Shelves: 2008-reads


I've been a fan of Elvis Cole and his associate, Joe Pike, since 1987 when THE MONKEY'S RAINCOAT appeared. It's hard to believe that this series is over 20 years old. Of course, the characters have grown and changed; but the essential elements that have made these books so likeable are still there. Elvis may be a little more world weary now, but he still has the Pinocchio clock in his office and he still can't resist the opportunity to make a wise crack.

As a private i
Don Crouch
Jan 01, 2014 rated it really liked it  ·  review of another edition
As all Elvis Cole readers know, Robert Crais has put him through a real wringer as of late. Broken heart, broken bones and a near-broken spirit have tested The World's Greatest Detective in the last few books.

And we loved it, of course.

So, if we tell you that, in Chasing Darkness, Crais has crafted a less Elvis-centric tale of Detective and Case, assume please that we are doing it with all kinds of YAY!!

A crucial element to any series is the ability to change pace and still move forward, and thi
Jul 05, 2012 rated it it was amazing  ·  review of another edition
At this point in the career of Robert Crais, you never quite know what you are going to get in one of his books, although whatever he does is usually good. In "L.A. Requiem" and "The Forgotten Man", Crais kept his franchise characters, Elvis Cole and Joe Pike, but ventured into more pure fiction, giving them a backstory and a depth that adds to their personas. In other books, such as "Demolition Angel", he introduced new characters, namely Carol Starkey, who has stayed on in the series. "Chasing ...more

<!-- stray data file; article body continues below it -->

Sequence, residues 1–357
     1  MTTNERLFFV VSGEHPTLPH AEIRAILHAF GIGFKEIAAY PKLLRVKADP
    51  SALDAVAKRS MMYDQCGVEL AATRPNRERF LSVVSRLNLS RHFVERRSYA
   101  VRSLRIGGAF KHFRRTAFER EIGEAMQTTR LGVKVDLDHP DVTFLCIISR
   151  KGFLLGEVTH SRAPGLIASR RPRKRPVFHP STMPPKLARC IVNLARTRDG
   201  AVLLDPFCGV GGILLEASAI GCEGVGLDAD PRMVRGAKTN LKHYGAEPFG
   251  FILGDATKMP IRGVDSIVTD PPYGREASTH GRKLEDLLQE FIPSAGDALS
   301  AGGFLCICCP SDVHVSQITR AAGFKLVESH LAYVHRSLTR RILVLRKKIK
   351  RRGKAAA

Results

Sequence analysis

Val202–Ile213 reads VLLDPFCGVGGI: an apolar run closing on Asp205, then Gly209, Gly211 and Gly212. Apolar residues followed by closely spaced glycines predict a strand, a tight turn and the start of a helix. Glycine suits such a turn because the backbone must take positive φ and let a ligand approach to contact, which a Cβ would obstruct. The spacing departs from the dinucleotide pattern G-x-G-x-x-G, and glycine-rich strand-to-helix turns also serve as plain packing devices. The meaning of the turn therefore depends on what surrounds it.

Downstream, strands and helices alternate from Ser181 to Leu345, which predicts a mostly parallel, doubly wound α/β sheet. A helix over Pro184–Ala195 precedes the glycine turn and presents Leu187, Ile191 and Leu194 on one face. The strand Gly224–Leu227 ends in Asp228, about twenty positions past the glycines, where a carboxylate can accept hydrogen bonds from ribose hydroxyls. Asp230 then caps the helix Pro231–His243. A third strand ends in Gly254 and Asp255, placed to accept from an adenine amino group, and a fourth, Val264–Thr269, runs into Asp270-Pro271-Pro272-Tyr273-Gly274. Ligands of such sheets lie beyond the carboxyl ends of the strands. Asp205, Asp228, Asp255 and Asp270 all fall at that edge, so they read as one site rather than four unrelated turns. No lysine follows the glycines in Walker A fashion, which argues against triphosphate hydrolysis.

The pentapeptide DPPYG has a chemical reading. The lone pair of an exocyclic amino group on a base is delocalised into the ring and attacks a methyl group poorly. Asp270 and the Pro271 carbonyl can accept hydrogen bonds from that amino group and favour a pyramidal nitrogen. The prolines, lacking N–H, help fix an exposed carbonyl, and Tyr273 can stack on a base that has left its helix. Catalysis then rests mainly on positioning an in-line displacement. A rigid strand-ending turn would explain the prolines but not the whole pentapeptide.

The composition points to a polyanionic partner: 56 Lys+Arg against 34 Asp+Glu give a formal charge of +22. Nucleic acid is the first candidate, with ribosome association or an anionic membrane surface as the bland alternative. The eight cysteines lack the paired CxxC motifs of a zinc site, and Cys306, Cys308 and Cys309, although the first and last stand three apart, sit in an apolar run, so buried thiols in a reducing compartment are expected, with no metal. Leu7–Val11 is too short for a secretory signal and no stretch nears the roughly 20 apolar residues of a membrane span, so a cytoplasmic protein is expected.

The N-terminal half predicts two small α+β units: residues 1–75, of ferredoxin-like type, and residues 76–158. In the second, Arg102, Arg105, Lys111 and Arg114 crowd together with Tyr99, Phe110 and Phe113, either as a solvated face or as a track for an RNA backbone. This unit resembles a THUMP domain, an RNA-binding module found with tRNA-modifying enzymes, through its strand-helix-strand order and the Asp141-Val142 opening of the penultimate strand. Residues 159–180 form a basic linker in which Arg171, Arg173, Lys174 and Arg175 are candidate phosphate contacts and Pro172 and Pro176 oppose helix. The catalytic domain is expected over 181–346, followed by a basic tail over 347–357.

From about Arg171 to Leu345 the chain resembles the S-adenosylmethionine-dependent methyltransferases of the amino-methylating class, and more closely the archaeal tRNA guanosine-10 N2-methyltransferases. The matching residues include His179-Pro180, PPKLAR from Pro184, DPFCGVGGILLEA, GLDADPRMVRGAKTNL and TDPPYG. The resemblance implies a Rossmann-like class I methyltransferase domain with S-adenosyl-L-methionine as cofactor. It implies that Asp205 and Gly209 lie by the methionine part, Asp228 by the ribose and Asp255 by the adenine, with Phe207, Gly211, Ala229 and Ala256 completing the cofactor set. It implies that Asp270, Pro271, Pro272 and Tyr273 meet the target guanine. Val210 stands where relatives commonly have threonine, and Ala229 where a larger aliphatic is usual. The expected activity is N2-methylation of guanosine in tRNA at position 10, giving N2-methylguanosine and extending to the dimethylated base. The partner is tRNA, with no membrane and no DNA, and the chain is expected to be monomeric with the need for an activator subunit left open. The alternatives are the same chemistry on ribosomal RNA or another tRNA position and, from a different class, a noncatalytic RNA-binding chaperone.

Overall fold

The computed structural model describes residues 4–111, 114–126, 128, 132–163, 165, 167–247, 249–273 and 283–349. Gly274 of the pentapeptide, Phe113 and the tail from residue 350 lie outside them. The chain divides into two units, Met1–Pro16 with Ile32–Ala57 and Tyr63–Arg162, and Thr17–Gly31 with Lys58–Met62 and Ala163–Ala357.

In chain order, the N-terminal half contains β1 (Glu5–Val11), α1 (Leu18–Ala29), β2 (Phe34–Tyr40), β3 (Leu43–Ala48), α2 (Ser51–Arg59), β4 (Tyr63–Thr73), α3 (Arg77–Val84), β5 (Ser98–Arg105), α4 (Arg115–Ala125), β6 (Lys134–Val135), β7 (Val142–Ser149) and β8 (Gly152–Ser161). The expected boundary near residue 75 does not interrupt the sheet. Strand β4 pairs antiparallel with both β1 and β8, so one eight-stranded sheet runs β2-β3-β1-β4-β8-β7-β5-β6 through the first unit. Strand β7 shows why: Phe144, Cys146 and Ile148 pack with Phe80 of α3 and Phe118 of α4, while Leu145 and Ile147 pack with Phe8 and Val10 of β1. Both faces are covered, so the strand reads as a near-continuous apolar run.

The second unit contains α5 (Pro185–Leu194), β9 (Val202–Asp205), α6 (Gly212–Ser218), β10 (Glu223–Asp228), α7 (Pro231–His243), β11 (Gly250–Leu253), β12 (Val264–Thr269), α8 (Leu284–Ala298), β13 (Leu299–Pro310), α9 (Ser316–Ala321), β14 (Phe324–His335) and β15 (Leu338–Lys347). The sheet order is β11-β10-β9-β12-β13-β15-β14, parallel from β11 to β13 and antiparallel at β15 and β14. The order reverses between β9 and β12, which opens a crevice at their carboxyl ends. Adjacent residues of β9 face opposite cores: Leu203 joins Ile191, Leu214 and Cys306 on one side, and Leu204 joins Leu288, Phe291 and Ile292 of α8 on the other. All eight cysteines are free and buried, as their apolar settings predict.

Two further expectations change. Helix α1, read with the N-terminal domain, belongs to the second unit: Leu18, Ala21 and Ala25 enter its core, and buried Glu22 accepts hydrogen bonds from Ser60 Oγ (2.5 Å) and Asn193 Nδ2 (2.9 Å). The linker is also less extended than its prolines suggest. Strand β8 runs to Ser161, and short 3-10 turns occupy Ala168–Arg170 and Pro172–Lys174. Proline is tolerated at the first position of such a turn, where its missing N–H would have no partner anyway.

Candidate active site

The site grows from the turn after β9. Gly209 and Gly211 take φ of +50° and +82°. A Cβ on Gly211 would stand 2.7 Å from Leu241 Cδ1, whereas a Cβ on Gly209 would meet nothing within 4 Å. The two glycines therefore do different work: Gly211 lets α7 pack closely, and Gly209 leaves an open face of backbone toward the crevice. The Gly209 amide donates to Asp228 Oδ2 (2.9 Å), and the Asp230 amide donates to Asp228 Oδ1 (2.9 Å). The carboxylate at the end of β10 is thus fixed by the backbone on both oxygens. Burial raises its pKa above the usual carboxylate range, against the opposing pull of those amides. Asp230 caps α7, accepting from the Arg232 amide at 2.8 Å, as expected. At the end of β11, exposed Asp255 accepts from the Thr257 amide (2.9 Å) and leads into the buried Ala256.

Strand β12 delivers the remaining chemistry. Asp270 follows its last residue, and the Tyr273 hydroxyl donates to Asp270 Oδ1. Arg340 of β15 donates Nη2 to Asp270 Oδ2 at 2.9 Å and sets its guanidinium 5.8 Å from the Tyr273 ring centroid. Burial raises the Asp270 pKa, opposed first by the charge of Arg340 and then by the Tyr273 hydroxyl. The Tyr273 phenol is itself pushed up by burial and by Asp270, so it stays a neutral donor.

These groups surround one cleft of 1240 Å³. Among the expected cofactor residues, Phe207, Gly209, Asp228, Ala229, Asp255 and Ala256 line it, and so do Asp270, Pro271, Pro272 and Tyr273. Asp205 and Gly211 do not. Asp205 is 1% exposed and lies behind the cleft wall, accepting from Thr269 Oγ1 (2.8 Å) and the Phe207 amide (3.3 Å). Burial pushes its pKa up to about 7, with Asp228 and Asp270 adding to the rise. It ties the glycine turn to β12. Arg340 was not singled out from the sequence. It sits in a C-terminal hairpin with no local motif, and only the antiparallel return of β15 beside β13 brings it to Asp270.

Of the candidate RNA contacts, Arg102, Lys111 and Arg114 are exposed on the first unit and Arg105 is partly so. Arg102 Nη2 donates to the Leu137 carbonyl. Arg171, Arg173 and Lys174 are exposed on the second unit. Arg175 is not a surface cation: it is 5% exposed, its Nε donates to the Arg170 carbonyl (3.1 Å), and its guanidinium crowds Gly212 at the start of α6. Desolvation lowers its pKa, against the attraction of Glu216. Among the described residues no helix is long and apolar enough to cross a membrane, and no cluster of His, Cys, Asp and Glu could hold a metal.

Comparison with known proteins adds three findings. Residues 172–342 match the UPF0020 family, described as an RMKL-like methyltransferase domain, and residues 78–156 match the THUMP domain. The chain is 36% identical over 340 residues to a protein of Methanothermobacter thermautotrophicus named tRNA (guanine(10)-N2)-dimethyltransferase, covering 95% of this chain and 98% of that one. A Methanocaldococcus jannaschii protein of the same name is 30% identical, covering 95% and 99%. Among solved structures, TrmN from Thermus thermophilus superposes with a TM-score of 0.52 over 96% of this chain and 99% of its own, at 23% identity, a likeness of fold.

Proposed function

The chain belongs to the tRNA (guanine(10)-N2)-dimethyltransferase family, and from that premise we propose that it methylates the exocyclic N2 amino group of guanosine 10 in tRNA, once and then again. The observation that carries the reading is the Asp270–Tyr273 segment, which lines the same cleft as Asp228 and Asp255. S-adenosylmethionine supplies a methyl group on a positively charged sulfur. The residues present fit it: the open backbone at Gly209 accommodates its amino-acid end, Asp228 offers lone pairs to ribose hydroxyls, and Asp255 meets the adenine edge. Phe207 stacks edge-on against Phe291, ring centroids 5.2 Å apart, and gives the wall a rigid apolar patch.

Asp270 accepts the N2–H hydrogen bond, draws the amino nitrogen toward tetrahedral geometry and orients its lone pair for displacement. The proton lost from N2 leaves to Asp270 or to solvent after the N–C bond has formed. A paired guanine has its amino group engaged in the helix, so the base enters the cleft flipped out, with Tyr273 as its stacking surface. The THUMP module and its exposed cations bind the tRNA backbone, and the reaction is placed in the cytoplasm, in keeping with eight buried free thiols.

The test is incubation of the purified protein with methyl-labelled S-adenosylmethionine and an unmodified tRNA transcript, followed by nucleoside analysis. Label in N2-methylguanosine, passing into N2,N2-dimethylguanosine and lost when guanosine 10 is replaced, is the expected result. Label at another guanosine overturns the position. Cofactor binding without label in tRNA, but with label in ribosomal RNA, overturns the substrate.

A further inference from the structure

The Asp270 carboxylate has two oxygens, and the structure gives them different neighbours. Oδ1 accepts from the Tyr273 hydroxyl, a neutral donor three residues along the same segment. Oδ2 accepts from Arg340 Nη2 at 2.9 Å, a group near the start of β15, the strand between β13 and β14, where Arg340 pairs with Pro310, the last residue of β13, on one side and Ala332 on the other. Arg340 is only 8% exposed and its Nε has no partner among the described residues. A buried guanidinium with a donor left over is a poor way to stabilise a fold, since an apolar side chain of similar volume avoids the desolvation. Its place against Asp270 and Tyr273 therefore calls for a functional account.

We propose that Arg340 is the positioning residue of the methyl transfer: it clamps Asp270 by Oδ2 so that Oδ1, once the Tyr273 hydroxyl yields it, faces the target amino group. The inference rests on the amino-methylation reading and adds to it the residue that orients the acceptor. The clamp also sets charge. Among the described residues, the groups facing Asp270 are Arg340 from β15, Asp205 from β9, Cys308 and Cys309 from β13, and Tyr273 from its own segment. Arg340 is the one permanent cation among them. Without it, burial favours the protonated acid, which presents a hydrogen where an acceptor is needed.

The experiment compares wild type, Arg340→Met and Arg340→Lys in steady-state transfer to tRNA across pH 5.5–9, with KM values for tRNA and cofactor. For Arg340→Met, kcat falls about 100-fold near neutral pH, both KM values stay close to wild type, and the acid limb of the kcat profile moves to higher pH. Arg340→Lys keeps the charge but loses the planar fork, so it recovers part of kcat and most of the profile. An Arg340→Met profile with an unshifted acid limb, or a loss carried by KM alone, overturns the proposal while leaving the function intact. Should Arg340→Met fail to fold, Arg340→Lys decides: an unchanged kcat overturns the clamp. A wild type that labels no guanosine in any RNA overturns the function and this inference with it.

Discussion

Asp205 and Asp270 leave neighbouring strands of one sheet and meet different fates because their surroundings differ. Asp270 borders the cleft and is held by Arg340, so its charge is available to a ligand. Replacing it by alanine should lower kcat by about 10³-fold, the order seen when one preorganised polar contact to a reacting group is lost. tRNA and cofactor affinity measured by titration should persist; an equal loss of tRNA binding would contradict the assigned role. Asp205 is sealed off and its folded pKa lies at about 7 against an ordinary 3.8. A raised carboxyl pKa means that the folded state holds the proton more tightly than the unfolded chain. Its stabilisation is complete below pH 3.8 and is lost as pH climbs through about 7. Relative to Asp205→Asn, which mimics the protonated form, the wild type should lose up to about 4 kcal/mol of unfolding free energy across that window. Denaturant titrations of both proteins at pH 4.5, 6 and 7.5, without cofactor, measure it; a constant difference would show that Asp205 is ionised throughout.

Jan 30, 2011 rated it it was amazing  ·  review of another edition
Before I start this review I should probably admit that I just love the characters of Elvis Cole and Pike, and seem to be loving them more with every subsequent book in the series. They really can't do any wrong by me.
In this, the 11th book in the Elvis Cole series, Elvis finds himself revisiting a case he thought he had closed years ago.
Seven years previously he was asked to investigate a man who was accussed of having killed a young woman. Through a witness statement he proved that the man, Li
Jerry B
We’ve been slowly knocking off the Private Detective Elvis Cole series, and while we generally enjoy the leading man, especially at his best when wise-cracking with clients and friends, and find the plots well crafted, we sometimes grouse about the inconsistency of Crais’ stories in terms of scene-setting, points of view, backflashes, etc. “Chasing” is one of the better entries in the set – a clever and interesting plot with an outcome that pleases; a focus on Cole and buddies Pike and Starkey; ...more
CHASING DARKNESS (PI- Elvis Cole-Los Angeles, CA-Cont) - VG